Cosmic rays zapping the Earth over the South Pole appear to be coming from particular locations, rather than being distributed uniformly across the sky. Cosmic ray “hotspots” have also been seen in the northern skies too, yet there is no source close enough to produce this strange pattern.
“We don’t know where they are coming from,” says Stefan Westerhoff of the University of Wisconsin, who used the IceCube neutrino observatory at the South Pole with a team of colleagues to create the most comprehensive map to date of the arrival direction of cosmic rays in the southern skies.
IceCube detects muons produced by neutrinos striking ice, but it also detects muons created by cosmic rays hitting Earth’s atmosphere. These cosmic ray muons can be used to figure out the direction of the original cosmic ray particle.
Between May 2009 and May 2010, IceCube has detected 32 billion cosmic-ray muons, with a median energy of about 20 teraelectronvolts (TeV). These muons revealed, with extremely high statistical significance, a southern sky with some regions of excess cosmic rays (“hotspots”) and others with a deficit of cosmic rays (“cold” spots).
Over the past two years, a similar pattern has been seen over the northern skies by the Milagro observatory in Los Alamos, New Mexico, and the Tibet Air Shower array in Yangbajain.
The mystery remains perplexing because the hotspots must be produced within about 0.03 light years of Earth. Further out, galactic magnetic fields should deflect the particles so much that the hotspots would be smeared out across the sky. But no such sources are known to exist.
One of the hotspots seen by IceCube points in the direction of the Vela supernova remnant, a possible source of cosmic rays, but it’s almost 1000 light years away. Its source supernova exploded about 800 light years away in the southern constellation, Vela. The Vela pulsar, made by astronomers at the University of Sydney in 1968, was the first direct observational proof that supernovae form neutron stars.
The stunning image above from the orbiting Chandra X-ray Observatory is the Vela pulsar — the collapsed stellar core within the Vela supernova remnant. The Vela pulsar is a neutron star. More massive than the Sun, it has the density of an atomic nucleus. About 12 miles in diameter it spins 10 times a second as it hurtles through the supernova debris cloud. The pulsar’s electric and magnetic fields accelerate particles to nearly the speed of light, powering the compact x-ray emission nebula revealed in the Chandra picture. The Vela pulsar and the supernova remnant was created by a massive star which exploded over 10,000 years ago.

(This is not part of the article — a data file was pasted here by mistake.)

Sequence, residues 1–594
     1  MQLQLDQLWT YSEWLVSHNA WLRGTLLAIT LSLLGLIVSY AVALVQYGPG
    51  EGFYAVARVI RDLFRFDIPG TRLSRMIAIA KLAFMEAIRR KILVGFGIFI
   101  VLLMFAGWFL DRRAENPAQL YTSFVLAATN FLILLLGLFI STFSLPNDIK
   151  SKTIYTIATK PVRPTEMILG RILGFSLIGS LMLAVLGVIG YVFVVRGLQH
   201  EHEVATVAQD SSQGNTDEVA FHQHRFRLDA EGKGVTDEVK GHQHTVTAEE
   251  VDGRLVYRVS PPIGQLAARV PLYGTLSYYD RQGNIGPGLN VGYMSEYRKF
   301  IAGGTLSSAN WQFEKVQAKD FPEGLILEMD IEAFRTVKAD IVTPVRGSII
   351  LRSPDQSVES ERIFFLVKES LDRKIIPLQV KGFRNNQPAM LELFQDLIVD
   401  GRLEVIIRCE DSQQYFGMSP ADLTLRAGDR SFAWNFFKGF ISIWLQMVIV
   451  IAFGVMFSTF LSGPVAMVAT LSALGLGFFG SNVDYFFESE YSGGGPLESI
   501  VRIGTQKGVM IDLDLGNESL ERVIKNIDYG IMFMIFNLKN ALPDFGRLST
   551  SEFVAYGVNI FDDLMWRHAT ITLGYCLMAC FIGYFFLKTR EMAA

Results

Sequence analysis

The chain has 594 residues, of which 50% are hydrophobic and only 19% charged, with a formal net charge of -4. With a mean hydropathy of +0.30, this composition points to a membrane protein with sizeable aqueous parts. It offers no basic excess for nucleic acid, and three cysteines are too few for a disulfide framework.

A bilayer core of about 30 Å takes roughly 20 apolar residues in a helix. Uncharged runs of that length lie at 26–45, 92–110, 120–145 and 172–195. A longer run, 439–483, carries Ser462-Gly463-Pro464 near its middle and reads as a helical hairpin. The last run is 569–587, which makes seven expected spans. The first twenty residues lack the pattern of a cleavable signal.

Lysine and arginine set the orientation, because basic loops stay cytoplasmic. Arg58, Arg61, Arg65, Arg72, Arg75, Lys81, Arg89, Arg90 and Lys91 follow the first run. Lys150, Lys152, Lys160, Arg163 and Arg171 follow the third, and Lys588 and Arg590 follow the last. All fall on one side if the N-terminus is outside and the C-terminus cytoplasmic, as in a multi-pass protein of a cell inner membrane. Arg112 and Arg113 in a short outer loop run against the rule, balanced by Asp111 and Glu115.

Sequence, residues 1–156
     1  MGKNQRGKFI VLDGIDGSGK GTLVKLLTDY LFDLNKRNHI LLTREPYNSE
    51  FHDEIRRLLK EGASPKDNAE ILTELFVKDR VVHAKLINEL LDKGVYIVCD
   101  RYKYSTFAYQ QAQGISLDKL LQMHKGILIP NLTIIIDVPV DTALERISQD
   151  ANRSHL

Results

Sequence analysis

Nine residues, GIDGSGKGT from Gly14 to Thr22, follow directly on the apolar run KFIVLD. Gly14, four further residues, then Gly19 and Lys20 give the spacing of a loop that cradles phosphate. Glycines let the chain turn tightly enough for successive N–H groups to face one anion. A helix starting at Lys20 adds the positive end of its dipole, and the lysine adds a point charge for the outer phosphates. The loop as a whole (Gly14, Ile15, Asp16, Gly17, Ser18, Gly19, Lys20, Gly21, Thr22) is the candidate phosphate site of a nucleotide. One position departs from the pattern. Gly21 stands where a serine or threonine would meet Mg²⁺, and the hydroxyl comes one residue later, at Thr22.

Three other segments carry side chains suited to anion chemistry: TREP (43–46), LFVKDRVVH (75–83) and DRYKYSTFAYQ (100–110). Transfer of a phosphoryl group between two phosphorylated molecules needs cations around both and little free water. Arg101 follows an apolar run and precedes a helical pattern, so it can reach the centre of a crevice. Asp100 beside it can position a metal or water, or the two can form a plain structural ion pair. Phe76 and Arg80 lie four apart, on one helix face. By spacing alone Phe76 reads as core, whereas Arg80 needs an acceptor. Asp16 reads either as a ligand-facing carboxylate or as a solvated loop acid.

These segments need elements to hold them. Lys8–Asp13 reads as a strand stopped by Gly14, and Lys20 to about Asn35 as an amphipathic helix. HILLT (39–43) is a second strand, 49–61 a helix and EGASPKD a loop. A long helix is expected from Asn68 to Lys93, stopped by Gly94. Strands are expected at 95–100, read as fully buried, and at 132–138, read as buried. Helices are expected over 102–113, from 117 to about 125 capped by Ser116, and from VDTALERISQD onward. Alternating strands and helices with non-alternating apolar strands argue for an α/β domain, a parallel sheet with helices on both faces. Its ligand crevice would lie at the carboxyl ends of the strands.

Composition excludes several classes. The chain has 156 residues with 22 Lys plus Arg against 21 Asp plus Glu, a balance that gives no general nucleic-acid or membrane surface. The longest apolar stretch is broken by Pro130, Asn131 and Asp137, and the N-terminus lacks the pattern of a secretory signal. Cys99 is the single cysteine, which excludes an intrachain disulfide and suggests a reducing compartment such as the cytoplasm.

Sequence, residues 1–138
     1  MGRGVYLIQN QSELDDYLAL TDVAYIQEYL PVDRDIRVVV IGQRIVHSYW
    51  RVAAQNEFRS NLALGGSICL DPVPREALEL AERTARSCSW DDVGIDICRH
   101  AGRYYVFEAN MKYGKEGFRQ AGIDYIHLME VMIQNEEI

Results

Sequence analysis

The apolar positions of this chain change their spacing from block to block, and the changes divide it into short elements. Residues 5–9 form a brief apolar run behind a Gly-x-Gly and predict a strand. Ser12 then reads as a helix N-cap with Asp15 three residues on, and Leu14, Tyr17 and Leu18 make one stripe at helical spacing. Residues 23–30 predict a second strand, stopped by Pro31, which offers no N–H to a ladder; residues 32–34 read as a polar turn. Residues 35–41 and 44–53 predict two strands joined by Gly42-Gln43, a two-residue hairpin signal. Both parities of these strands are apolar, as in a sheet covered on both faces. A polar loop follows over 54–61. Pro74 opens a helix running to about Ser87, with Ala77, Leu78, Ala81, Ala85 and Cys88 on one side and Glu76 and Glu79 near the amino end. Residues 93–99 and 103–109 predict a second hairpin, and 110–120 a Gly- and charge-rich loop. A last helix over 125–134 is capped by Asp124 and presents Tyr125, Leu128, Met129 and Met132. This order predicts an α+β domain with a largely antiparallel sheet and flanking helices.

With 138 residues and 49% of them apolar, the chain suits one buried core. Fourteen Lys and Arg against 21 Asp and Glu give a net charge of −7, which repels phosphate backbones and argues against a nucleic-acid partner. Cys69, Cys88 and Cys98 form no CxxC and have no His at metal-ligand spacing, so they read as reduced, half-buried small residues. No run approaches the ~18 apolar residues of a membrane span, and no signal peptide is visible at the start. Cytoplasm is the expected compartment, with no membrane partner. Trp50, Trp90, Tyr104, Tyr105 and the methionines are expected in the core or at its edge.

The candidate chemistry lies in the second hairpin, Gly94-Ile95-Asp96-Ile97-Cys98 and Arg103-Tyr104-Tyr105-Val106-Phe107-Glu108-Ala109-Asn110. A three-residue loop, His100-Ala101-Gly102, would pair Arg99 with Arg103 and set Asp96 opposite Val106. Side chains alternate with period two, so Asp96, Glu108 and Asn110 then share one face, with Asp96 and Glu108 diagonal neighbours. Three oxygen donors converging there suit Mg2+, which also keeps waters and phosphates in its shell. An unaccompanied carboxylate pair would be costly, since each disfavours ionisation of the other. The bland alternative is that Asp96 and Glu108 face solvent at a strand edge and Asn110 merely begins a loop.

Cosmic rays coming from such large distances should be constantly buffeted and deflected by galactic magnetic fields on route, and should thus have lost all directionality by the time they reach Earth. In other words, such long-distance cosmic rays should appear to come from all parts of the sky.
Milagro has also seen hotspots that appear to come from implausibly distant sources. As an explanation, Felix Aharonian of the Dublin Institute for Advanced Studies in Ireland and colleagues have suggested that there could be a “tube” of magnetic field lines extending between the source and our solar system, funnelling the cosmic rays towards us. However, Aharonian admits the theory is highly speculative.
Others have proposed that a local phenomenon called magnetic reconnection –- in which solar magnetic field lines cross and rearrange, converting magnetic energy to kinetic energy –- could be accelerating local cosmic rays to energies in the TeV range and beaming them towards Earth, creating the observed hotspots. “It implies that we have a Tevatron in the solar system,” says Aharonian, referring to the particle accelerator at Fermilab in Batavia, Illinois. “That’s also crazy, but it is at least less crazy than other explanations.”